County Lines by Bob
I never missed my hometown until I stayed away too long, until
I returned and discovered a city with a population of more than
100,000 had replaced a town with a population of less than 8,000.
A small Southern community with back roads and swimming holes and
friendly people who said "How you doin'?", and cared,
erased by what is often mistaken as progress.
My hometown swallowed by fast-food joints and giant department
stores, where no one smiled and said "Y'all come back."
Fishing on quiet Sunday afternoons replaced by frantic trips to
purchase this or that, to buy something to temporarily relieve the
emptiness inside. Farms and green pastures replaced by concrete
A small-town Southern way of life wiped away by the influx of
Northern tourists who came to visit and decided to stay. A paradise,
or as close as you can get in this world, changed into a hellhole
by those with dollar signs where hearts should be.
The Northern influence had even affected the local newspaper. A
well-written publication had turned into a mishmash of stories filled
with grammatical errors, which would have been funny if it hadn't
been so sad.
The town where I was born and raised was only a memory. But memories
are sometimes all we have to help us survive until we reach a better
place. When I came to this part of Tennessee, I knew it was where
When I first saw Livingston, it was like returning home, to where
things were like they used to be. I like Livingston. I like the
stores with wooden floors.
I like the courthouse being in the middle of the square, exactly
where it belongs. I like the cannon and the granite war memorials
and the eternal flame. I like the library. I like being able to
go where I want when I want without the threat of being mugged.
But most of all, I like the people. The way they wave from their
cars and trucks as they pass.
The way they say "Hi" when they meet you walking down
The way they say "How you doin'?" and really care.
The way they say "Stay with us" when you're getting ready
to leave after a visit.
Call me prejudiced if you want. But I like Southern hospitality.
I think it's important. It's like fresh air and pure water. It improves
the quality of life.
Sometimes when I start missing my hometown, the one which no longer
exists, I'll sit on a bench in downtown Living-ston, soaking up
the good vibes of the friendly people as they stroll past.
I was sitting there yesterday, running some lyrics to a Hank Jr.
song through my head, "If you want to find an angel, you got
to find her where she fell. If you want to get to heaven, you got
to raise a little, raise a little," when I saw a man and woman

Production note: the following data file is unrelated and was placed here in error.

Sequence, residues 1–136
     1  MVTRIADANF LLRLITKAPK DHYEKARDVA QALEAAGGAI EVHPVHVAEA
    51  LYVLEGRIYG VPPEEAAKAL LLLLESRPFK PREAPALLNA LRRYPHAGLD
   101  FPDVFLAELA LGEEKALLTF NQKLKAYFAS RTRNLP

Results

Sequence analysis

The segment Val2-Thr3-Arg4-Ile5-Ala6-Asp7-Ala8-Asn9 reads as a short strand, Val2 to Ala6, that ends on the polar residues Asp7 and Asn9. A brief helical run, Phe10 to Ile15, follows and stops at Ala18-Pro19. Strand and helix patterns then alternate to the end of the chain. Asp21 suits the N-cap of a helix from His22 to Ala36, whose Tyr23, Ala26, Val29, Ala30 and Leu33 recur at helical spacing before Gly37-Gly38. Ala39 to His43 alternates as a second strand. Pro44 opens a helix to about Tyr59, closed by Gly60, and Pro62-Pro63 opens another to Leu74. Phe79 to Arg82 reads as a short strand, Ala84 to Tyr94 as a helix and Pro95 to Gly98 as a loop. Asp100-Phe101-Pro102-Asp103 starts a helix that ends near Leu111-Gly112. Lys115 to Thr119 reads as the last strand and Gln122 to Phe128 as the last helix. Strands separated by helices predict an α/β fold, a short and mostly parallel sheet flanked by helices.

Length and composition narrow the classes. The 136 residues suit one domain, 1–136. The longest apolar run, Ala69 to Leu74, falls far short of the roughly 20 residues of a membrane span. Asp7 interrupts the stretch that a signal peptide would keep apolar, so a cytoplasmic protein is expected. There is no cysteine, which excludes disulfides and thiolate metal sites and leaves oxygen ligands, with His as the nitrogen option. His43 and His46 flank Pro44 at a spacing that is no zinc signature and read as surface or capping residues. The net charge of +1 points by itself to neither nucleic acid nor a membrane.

exit a car with Northern plates.
Both were dressed in jogging suits. Although I don't want to be
critical, human bodies weren't made to wear jogging suits. But if
you desire that sagging-yuppie look, wearing a jogging outfit will
accomplish the task.
The couple approached me. Must be lost, I thought.
The woman said, "Where's the movie theater?" No "Please."
No "Howdy do." No "Good afternoon." No indication
I thought about commenting on her rude behavior. But I decided
to chalk it off to being from the north. "There's no theater
in Livingston," I said.
"Yes there is," the woman replied. "It's in the
"Must be an old phone book," I said. "There's a
theater in Cookeville, about 30 minutes from here. I'll give you
directions if you want."
The other half of the couple added his two-cents worth. "I
know there's a theater in this town. How long have you lived here?Ó
Knowing the couple had never dealt with someone like me and would
try to avoid ever doing so again, I said, "What do you mean
when you say here?"
The man said, "What do you mean what do I mean?"
I replied, "Do you mean here on this bench or here in this
town or here on this planet? Here is a tricky word. When using it,
you need to specify the precise context to clearly indicate the
location of the subject in question."
The woman said, "What did he say?"
The man was about to respond, when two teenagers passed in a pickup.
As the truck slowed to turn, the first ten notes of Dixie blasted
out of dual, roof-mounted horns.
I smiled. The woman shook her head and scrunched her face up like
a possum. The man said, "Bunch of redneck hicks."
"I'm proud to be a redneck," I replied. "Been one
most all my life. Used to pretend I wasn't, until I discovered it
was o ne of the few things that made me real. Being real is better
than being plastic, don't you think?"
To get my point across, I removed the upper four front teeth that
replaced the ones I lost during a barroom brawl and smiled.
Without even saying goodbye, the couple hotfooted it to their car,
slammed the doors, and sped away.
I don't know if they found what they were looking for. But I doubt
Overton County News
415 West Main Street
P.O. Box 479
Livingston, Tennessee 38570